If he wants you to float downstream, that doesn’t mean he wants you to do it while streaming. Young has already pulled his music from most streaming services (other than Tidal, which has a $19.99/month high-fidelity streaming option), and Earth won’t even be available on iTunes, as he prefers the 98 minutes to be experienced, or at least purchased, as a whole. His well-known concerns about sound quality were secondary in that decision, although he’s happy to expound upon them.

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“CD is as low as we can go” in quality, he said (with the 98-minute length dictating a double-disc release). “And I think it sounds great. Put it on and you’ll hear it, even though it’s nothing like Pono and it’s nothing like HD Tracks and it’s nothing like any of the other people that are purveyors of quality… It’s not on iTunes, because it didn’t fit on iTunes. This album is outside of the rules that have been set up by the corporate entities and computer companies that decide what music can [and] can’t be. So I prefer just to leave that off. You can’t hear it anyway. You try to listen to it that way, it’s nothing. It’s not what I would want to charge for. It’s something where I would say, hey, if you have a friend who has a Pono or even a CD of it, go ahead and make your MP3 off of it. I don’t want to have anything to do with that conversation, and I don’t want to have anything to do with anything that sounds like that, no matter what it is.”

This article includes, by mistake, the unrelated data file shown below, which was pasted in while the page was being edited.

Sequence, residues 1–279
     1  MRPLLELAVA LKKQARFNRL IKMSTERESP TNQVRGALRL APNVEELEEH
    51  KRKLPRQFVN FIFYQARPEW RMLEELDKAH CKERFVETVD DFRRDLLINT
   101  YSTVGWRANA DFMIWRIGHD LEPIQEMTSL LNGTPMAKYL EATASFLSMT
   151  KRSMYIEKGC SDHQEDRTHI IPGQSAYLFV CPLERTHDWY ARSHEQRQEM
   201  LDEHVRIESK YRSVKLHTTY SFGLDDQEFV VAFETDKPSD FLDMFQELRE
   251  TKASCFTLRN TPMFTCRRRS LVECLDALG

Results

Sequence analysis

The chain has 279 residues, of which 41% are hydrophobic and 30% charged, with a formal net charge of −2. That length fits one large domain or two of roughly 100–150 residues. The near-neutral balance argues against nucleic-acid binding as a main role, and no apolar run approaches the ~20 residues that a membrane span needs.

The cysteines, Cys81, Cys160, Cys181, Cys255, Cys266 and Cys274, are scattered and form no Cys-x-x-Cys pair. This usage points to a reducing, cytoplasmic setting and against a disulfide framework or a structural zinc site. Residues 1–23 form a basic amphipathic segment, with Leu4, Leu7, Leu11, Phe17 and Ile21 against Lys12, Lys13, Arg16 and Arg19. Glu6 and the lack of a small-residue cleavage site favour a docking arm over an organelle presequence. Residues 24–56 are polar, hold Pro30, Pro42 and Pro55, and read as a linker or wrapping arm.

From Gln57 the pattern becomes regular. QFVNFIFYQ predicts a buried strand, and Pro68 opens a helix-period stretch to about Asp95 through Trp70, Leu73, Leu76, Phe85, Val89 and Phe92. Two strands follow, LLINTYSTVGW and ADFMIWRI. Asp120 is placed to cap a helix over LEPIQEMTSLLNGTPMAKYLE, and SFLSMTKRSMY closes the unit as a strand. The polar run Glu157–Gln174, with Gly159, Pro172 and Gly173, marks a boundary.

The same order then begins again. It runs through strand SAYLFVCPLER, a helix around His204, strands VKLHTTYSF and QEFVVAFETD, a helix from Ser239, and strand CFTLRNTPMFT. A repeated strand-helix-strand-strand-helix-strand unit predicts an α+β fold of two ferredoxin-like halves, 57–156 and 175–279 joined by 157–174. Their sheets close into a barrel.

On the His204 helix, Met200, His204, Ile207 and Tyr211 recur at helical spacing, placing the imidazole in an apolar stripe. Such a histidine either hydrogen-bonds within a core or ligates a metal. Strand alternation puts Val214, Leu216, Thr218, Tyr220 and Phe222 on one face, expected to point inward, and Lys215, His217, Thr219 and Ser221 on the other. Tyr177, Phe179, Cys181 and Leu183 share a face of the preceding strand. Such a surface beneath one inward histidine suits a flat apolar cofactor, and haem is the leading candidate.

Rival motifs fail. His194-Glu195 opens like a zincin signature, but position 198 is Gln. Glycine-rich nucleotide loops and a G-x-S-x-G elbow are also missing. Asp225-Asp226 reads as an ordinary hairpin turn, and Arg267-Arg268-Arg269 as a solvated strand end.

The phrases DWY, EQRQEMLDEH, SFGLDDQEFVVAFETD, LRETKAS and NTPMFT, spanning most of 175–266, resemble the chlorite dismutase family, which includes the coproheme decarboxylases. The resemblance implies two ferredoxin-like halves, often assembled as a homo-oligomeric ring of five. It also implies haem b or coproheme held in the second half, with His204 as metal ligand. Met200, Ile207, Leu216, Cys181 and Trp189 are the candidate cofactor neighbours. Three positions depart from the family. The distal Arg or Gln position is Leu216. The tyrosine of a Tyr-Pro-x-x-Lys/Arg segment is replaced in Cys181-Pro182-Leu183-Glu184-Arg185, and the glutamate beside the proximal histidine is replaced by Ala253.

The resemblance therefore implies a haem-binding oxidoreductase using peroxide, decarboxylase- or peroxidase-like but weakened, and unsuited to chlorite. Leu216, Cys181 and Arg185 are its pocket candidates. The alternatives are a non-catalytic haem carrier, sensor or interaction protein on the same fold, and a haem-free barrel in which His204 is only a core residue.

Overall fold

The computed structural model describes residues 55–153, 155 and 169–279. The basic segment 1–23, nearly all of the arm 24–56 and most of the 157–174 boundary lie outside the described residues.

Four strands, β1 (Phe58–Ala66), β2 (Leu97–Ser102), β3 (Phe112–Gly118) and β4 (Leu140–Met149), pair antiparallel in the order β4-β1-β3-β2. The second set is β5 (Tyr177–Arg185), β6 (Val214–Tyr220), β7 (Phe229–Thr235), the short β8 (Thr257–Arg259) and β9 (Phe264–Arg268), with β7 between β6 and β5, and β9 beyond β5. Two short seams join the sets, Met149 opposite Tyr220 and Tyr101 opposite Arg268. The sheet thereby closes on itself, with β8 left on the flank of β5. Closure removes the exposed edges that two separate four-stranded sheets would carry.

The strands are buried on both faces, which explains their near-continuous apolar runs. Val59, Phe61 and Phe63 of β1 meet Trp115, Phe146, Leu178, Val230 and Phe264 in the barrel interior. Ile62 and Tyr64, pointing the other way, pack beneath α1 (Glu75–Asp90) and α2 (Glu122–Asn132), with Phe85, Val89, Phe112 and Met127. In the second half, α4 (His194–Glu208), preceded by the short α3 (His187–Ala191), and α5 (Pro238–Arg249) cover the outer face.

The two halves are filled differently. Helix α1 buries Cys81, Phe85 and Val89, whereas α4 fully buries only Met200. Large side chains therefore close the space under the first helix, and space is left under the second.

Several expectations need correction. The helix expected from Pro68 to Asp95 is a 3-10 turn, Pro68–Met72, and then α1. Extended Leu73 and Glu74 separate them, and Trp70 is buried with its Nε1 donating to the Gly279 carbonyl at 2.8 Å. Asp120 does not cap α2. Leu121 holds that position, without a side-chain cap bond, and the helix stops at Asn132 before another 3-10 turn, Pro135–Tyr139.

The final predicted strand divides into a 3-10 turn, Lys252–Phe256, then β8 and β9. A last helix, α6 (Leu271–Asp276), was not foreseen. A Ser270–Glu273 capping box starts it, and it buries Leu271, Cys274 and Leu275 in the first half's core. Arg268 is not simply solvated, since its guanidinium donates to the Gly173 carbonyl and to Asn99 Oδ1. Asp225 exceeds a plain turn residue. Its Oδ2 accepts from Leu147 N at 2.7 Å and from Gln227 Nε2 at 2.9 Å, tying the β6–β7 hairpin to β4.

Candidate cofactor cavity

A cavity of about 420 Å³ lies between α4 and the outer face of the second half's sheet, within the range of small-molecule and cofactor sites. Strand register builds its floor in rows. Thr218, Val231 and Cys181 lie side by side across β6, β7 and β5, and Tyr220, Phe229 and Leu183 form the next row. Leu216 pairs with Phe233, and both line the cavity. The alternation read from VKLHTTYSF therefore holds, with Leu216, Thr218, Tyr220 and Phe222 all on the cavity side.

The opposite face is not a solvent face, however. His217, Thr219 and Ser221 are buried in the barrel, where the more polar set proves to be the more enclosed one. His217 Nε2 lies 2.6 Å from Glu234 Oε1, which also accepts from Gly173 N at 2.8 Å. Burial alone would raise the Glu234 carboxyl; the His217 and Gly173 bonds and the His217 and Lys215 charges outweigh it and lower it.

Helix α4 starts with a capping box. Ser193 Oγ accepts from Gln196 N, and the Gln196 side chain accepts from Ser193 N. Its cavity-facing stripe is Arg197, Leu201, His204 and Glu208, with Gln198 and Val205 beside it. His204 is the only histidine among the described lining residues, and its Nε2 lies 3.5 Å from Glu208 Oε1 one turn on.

Not to sound completely cavalier about limiting it in the commercial space, Young said, “I don’t care how many records I sell. I don’t care about any of that. I’d love to sell a lot of records to support the record company and everybody who’s working on it and have a lot of people hear the music. But not if it sounds like that.”

But back to more important matters. After all was said, overdubbed, and done on Earth, what turned out to be Young’s favorite animal sound?

Young chuckled, but seriously considered the question. And arrived at the creature he figures might be most likely to be an aurally attentive Pono fan. “You know, I like the elk,” Young said. “And I like the whales. But I love the crickets. They sing and they change their rhythm and they’ve got all these cadences. And the crow. The crow is a commentator. When something happens in the lyric, he reacts. He’s listening to the words.”